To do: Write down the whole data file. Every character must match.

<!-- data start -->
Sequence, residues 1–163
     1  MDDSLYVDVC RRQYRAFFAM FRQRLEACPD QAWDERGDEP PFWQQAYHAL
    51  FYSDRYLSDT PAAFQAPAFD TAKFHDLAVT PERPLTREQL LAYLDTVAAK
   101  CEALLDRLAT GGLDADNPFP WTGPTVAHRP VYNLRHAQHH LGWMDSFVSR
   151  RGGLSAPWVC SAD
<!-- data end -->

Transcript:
Sequence, residues 1–163
     1  MDDSLYVDVC RRQYRAFFAM FRQRLEACPD QAWDERGDEP PFWQQAYHAL
    51  FYSDRYLSDT PAAFQAPAFD TAKFHDLAVT PERPLTREQL LAYLDTVAAK
   101  CEALLDRLAT GGLDADNPFP WTGPTVAHRP VYNLRHAQHH LGWMDSFVSR
   151  RGGLSAPWVC SAD